“Tell Me How It Ends” is a piece of literature that offers a ray of hope for things to come despite the harsh reality the individuals face within the pages. The story’s vivid account of the history between nations assists in illuminating the reasoning behind such movements.

Pretty Boys are Poisonous by Megan Fox

This first book of poetry written by the movie starlet, “Pretty Boys are Poisonous,” is a collection of poems that speaks to a man unseen but known by all of us, whose words and actions have seeped into the speaker like venom. Fox allows the once “blocked” throat chakra to unleash years of repressed emotions through the use of sassy quips and biting remarks to the subject of the piece.

In her poem ‘I would die for y- oh, j/k lol’ Fox addresses the famous love tragedy of Romeo and Juliet. Within it, she speaks of the detachment faced by a Juliet who shares a bed with a now emotionally and physically disconnected Romeo who’d “rather read Twitter in bed.” The expressed frustrations of the speaker put an image into the reader’s mind of Juliet sitting up in bed typing her grievances towards her lover into the notes app of her phone while an oblivious, or perhaps disinterested, Romeo sleeps with his back to her at her side.

Within her book of poems, Fox looks back on her experiences with the men throughout her life, letting the raw, unfiltered details of their cruel intensity pour onto the page while addressing the trauma left in their wake. Much like the gradient on the cover, the reader finds themselves sinking into the narrative written within the pages and feeling what it costs when one sacrifices pieces of oneself to appease those one loves, no matter how unworthy they are of the sacrifice.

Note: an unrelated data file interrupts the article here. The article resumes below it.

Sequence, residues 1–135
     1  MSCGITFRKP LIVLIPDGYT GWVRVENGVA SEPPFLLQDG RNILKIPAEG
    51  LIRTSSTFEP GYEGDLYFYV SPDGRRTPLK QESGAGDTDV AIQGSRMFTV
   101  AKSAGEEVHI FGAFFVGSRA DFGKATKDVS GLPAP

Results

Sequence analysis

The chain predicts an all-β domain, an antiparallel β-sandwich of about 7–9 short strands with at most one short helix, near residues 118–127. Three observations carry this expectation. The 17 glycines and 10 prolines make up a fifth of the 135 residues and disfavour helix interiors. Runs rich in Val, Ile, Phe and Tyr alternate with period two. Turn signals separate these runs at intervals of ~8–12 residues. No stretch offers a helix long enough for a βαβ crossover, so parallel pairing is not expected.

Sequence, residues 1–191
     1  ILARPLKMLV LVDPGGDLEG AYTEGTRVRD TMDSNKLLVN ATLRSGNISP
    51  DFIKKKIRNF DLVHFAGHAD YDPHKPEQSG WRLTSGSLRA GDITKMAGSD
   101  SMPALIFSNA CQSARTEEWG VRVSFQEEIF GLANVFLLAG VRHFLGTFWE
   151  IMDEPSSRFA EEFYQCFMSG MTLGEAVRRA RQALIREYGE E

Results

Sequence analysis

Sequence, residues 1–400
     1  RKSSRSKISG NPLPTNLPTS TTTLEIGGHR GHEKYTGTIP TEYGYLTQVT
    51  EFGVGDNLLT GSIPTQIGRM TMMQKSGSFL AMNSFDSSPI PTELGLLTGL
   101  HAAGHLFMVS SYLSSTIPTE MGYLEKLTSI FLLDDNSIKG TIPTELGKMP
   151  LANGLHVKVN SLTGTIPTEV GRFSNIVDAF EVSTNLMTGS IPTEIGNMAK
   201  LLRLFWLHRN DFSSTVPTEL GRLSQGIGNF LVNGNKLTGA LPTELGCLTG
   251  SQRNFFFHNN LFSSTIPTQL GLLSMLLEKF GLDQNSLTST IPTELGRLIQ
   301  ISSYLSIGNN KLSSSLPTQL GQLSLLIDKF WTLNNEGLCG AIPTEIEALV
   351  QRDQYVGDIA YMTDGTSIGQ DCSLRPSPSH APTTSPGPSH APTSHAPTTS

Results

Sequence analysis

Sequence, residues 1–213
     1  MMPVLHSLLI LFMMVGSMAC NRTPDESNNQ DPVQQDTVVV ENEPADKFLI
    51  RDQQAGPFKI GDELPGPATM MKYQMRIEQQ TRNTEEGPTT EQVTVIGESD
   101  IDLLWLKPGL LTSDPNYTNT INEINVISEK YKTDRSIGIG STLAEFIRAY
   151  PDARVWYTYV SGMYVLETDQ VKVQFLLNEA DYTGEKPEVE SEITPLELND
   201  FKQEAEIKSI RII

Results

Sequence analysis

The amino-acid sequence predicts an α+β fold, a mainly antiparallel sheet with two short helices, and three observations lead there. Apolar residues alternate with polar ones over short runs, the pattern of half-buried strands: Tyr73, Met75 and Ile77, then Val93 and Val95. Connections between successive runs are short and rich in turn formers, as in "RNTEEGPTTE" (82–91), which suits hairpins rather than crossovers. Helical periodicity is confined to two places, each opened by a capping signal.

Thirty Talks Weird Love by Alessandra Narváez Varela

In this book by UTEP professor and writer, 13-year-old Anamaria comes face to face with a woman claiming to be her 30-year-old self from the future. The novel takes place in the city of Juarez during a period where cases of young women and girls being spirited off the streets is an unfortunate, yet familiar, occurrence.

For Anamaria, whose biggest concern in her day-to-day life is being a perfect student and daughter, the introduction of Thirty is a mystery she never would’ve anticipated. Offering cryptic wisdom to our young protagonist, Thirty expresses that Anamaria addresses the unconscious anxieties that have started to make their way to the surface through thoughts of self-harm.

For Anamaria, this would mean having to look inward at the underlying cause of her stress and take into consideration why the idea of self-harm appears more appealing than facing the demons of her mind.

All while an unknown threat looms over one of Anamaria’s inner circle.

Varela’s use of prose and imagery throughout the text enhances the narrative of the piece as the reader is privy to the ongoing mental state of our protagonist through her writings.

“Thirty Talks Weird Love” is a work that offers an enlightened perspective for readers of all ages, whether they be a teen looking for the wisdom of their future selves or thirty-somethings hoping to go back to the innocence of their youth.